At the same time, you will get to interact with different kinds of people, from children to adults, who are all suffering from different conditions. This combination of experiences can help you to develop the skills which are necessary to take your work as a physical therapist to the next level.
5. You can gain more knowledge about the health sciences.
Physiotherapy requires an extensive amount of knowledge from the health sciences to be an impactful service. Your knowledge in this area will be one of the most valuable resources in your community for variety of reasons. It is one of the most respected careers that you can choose in the healthcare industry today because you must have generalized wisdom in place before you can start to treat your first patient.
This job is also one which requires a high level of creativity and problem-solving because no two patients are exactly the same. If you enjoy puzzles or want to work in an environment which is mentally stimulating consistently, then physiotherapy is an excellent career choice to consider.
List of the Cons of Being a Physical Therapist
1. You will be spending a long time in school.
You will spend about the same amount of time in school to become a physical therapist as someone who desires to be a physician. You must achieve your undergraduate degree in an appropriate major before attending graduate studies which focus on physiotherapy. That means you can expect to spend between 6 to 8 years at an institution to learn the skills which are necessary to put your knowledge of healthcare sciences into practice. You must earn a doctorate degree to qualify for testing with the requirements in place today.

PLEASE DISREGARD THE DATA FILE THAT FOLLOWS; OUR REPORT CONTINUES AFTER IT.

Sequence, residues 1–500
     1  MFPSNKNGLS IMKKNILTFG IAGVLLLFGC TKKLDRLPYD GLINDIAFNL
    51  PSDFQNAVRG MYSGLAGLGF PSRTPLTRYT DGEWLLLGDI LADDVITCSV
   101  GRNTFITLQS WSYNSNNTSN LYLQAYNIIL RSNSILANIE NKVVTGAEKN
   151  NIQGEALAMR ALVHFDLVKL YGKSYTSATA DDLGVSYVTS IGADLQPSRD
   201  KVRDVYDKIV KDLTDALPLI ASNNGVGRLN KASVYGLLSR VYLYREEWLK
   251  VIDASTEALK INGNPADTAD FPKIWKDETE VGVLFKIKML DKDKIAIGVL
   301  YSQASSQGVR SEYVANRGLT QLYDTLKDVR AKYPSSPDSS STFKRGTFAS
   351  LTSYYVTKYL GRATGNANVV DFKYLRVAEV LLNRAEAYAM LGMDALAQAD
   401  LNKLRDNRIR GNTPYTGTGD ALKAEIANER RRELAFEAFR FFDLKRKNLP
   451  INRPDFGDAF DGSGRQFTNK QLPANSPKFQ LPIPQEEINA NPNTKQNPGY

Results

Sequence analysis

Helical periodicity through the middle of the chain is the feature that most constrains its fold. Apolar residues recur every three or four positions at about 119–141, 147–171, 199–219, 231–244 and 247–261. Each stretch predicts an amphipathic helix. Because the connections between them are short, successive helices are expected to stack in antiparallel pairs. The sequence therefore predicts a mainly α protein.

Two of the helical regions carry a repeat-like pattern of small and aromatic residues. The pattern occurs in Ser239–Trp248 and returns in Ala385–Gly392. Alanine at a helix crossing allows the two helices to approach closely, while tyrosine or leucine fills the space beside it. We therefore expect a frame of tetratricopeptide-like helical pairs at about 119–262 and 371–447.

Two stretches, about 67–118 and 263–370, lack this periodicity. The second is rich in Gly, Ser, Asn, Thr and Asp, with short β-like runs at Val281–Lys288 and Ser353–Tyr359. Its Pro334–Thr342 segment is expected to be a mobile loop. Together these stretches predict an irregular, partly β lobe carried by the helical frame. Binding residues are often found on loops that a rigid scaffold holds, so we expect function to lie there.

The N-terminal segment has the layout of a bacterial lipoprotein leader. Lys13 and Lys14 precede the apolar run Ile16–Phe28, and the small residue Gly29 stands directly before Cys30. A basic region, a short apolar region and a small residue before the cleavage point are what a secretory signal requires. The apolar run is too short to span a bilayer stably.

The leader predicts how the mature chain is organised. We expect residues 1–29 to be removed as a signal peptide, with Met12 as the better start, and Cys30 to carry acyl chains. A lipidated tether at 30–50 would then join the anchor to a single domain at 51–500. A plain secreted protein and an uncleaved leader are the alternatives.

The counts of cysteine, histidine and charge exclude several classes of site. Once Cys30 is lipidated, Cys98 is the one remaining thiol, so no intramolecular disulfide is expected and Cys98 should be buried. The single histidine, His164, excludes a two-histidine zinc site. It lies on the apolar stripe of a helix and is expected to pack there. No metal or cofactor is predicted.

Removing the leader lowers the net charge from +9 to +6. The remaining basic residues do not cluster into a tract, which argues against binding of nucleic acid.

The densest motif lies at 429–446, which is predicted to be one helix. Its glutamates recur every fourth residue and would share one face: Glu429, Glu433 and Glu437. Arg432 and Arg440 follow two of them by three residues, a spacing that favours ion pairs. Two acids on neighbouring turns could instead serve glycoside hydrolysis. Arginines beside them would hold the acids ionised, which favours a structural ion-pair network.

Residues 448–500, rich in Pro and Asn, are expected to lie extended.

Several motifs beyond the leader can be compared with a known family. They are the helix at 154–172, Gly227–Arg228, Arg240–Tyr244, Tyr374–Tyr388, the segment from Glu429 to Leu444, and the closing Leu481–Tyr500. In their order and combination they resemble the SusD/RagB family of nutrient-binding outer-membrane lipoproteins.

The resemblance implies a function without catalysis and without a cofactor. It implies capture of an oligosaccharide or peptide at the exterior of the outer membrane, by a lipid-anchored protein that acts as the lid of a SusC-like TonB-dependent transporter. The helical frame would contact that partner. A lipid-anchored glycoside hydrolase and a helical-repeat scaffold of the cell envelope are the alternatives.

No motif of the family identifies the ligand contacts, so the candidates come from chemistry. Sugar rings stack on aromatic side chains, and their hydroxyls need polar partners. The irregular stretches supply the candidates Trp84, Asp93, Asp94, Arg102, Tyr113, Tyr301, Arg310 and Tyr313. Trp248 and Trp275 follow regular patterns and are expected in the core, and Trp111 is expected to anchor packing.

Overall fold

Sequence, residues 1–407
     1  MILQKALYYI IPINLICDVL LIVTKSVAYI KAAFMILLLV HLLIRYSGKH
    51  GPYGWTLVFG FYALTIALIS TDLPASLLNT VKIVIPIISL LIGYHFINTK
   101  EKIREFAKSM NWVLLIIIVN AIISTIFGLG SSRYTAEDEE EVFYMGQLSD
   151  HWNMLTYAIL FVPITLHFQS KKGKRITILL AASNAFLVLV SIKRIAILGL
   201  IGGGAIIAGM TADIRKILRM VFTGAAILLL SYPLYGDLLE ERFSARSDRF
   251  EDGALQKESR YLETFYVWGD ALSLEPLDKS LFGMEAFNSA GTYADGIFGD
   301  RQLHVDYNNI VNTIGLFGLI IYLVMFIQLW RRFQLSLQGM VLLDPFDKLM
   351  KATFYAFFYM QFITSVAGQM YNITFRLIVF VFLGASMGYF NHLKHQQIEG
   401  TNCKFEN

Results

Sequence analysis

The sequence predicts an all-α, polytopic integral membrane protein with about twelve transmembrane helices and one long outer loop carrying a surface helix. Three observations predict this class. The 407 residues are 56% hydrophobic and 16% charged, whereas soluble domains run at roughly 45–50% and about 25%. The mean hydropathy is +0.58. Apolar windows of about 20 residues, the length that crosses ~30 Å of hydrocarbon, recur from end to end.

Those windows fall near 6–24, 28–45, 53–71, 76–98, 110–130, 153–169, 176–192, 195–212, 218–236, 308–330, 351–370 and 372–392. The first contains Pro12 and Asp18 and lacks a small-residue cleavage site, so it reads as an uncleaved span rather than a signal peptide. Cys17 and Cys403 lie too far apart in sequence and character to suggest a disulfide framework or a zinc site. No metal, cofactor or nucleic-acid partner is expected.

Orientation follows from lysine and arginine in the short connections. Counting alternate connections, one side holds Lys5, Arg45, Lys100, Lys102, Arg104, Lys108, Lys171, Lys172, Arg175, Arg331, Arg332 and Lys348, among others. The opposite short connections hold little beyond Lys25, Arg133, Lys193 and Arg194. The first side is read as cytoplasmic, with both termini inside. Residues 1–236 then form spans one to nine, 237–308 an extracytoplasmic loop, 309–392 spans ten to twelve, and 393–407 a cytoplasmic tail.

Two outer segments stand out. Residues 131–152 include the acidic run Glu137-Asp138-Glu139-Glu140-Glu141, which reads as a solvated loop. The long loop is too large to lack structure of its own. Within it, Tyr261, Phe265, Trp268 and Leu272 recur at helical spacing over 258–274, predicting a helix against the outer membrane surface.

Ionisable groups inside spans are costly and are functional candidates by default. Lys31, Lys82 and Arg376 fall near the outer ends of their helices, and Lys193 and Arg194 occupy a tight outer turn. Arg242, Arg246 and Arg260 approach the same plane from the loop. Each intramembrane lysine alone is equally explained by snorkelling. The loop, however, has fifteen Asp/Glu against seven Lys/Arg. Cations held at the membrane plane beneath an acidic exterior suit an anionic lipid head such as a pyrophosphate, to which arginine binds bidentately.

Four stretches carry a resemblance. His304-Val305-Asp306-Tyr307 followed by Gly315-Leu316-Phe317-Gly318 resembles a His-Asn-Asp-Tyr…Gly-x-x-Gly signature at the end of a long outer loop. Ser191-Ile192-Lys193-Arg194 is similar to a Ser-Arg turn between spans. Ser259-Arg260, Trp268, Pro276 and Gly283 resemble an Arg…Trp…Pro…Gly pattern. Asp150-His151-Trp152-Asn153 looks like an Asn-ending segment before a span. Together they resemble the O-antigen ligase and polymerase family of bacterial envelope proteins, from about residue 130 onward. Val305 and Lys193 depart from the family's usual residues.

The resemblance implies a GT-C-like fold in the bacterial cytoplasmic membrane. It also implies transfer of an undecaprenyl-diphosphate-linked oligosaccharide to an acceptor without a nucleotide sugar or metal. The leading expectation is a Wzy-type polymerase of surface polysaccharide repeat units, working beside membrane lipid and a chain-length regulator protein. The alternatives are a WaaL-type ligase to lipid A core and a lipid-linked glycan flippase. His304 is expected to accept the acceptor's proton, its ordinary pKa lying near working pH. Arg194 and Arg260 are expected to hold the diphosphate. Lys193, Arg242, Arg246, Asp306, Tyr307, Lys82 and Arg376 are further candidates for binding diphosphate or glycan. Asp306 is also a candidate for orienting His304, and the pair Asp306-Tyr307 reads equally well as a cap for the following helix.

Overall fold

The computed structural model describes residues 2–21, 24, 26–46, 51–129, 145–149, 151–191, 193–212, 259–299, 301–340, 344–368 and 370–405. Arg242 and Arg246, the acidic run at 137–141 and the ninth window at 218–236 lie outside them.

Even if you attend a state school in the United States for this education, graduating with a degree that allows you to practice physiotherapy can generate over $50,000 in student loan debt. If you attend a private institution, this figure could be triple. Then you have the expenses of your ongoing education and licensing requirements to consider as well.
2. Your work as a physical therapist can be quite demanding.
Working in physiotherapy can be a highly rewarding experience. It is also a career that can be very demanding on your physical capabilities and your schedule. You must stay physically fit so that you can go about the duties of your position comfortably while supporting your patients. That means you will need to get enough sleep each night, maintain a healthy and balanced diet, while making time to exercise in some way for at least 150 minutes per week outside of what is necessary in your profession.
There is some flexibility in your schedule because you can choose to open or close appointment windows based on your daily needs, but it is also true that you will not earn an income if you don’t see people for their physiotherapy needs.
3. You will need to remember to renew your licenses.
If you want to work as a physical therapist in any capacity, then you must obtain a national license to do so. After you receive your initial licensure, it is required to renew it every two years so that you can continue practicing physiotherapy. Ongoing educational requirements are usually a mandatory part of this process because renewal requires you to be aware of new regulations and treatment procedures. If you choose not to renew your license, then you are no longer allowed to practice.